Which is good. Sound biblical interpretation and the formation of reliable doctrines require it. One popular logician’s tool is deductive reasoning. Here is a good definition from the Internet Encyclopedia of Philosphy:
A deductive argument is an argument that is intended by the arguer to be (deductively) valid, that is, to provide a guarantee of the truth of the conclusion provided that the argument’s premises (assumptions) are true.
(Update: The article no longer appears to exist. However, Kevin from PsychologyWriting.com was not only kind enough identify that, but shared their article, “Deductive and Inductive Arguments: What’s the Difference,” as a replacement. Thanks Kevin!)
And here is an example of valid deductive reasoning:
Augie is always happy when he eats cheese pizza.
Augie is eating cheese pizza.
Thus, Augie is happy.
What is important to realize is that a given deductive argument can be valid, yet still be untrue. As noted in the definition above, it only guarantees the conclusion is true if “the argument’s premises (assumptions) are true.”
For instance, if Augie gets in trouble just before he eats pizza (or while he is eating it), it doesn’t matter how yummy the slices are—he isn’t happy (quite sad, actually). One of the premises is faulty, and thus the conclusion is false (well, only usually true…not always true).
Okay, enough of my love of logic. 🙂
What are the theological implications? Take a look at this argument:
God is love.
A loving God would not send anyone to hell.
Thus, all people are saved.
Any traditional Christian would balk at the conclusion of this theological argument. Why may the deductive reasoning be valid but the conclusions untrue? Let’s take a look at the premises individually.
God is love. No Bible-believing person would disagree since 1 John 4:8 and 4:16 specifically state that.
A loving God would not send anyone to hell. On the surface it sounds legit, but the vast majority of orthodox Christians would strongly challenge it. If they are right, the conclusion is false because the second premise is false. (As an annihilationist, I would suggest a second problem. There is an additional implicit assumption that hell is an eternal place of conscious torture. I believe the wicked ultimately cease to exist. It is not near as difficult to believe a God of love would do that.)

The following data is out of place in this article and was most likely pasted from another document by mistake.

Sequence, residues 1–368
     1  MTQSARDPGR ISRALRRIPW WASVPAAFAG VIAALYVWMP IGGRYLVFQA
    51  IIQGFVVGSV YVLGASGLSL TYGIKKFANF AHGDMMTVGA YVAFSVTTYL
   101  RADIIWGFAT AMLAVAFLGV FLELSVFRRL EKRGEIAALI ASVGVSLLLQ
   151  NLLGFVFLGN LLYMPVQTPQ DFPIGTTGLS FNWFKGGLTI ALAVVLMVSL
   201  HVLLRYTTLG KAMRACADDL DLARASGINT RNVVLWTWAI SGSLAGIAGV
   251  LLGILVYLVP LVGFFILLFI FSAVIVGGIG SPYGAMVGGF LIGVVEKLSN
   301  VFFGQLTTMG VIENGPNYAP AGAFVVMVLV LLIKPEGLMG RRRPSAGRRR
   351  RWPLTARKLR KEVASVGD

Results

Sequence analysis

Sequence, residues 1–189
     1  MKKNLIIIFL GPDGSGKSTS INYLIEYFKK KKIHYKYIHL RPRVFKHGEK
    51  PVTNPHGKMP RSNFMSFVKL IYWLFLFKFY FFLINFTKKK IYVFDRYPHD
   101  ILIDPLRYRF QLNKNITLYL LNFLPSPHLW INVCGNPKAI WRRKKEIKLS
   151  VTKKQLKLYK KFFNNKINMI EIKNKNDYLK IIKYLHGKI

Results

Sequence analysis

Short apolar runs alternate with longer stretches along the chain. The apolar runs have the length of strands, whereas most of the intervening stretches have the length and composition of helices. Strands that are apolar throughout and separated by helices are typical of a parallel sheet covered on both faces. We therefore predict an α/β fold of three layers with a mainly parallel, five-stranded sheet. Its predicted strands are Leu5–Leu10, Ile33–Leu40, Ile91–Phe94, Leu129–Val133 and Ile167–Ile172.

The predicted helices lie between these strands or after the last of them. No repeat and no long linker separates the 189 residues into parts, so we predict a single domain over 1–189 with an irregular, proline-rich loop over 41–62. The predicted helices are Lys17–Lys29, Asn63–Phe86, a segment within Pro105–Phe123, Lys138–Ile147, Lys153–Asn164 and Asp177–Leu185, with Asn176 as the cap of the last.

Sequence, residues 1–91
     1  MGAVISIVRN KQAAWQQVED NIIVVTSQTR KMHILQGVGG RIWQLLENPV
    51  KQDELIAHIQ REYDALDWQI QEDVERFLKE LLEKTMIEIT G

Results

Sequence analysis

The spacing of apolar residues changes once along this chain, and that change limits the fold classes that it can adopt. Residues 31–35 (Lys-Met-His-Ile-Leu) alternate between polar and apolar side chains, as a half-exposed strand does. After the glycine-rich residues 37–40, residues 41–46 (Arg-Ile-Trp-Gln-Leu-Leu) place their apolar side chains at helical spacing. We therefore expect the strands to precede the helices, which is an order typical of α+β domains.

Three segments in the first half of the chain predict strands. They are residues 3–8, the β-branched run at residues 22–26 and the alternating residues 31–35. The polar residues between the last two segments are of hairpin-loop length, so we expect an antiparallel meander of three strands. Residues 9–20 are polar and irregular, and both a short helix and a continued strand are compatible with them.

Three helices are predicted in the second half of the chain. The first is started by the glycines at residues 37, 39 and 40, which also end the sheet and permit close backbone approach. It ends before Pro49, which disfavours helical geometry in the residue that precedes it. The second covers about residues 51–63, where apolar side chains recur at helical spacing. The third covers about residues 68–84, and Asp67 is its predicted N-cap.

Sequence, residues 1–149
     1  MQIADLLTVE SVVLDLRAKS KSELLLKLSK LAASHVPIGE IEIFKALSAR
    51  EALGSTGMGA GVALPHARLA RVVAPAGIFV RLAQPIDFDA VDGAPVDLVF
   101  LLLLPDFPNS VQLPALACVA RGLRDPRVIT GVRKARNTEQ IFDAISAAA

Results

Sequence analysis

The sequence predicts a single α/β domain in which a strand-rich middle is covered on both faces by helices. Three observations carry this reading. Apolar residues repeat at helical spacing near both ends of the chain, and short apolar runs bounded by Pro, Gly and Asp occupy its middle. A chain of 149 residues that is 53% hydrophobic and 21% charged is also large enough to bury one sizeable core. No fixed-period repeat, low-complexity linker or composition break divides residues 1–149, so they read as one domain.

Ultimately there must be an issue with at least one of the premises since Scripture is replete with verses that clearly say or indicate not everyone will be saved. If the problem can’t be with the first premise, then…
Now, just because I’ve shown a shortcoming of deductive reasoning, that doesn’t mean it isn’t valuable and/or it should’t be used. Instead, it shows the truth of FOTAP (an acronym I believe I picked up from Graham Maxwell, a great guy who is with the Lord):
The Fallacy Of The Assumed Premise.
Punch line? Often it’s not the deductive reasoning that is the issue…instead it is one of the explicit or implicit premises. Question the assumptions.
P.S. It’s worth reading the entire article linked above. One of the more interesting aspects speaks to the word “intended” in the definition I quoted above…not to mention you’ll also get a good understanding of what inductive reasoning is.
Oh…if you too are a math lover, check out Khan Academy’s “Difference between inductive and deductive reasoning.”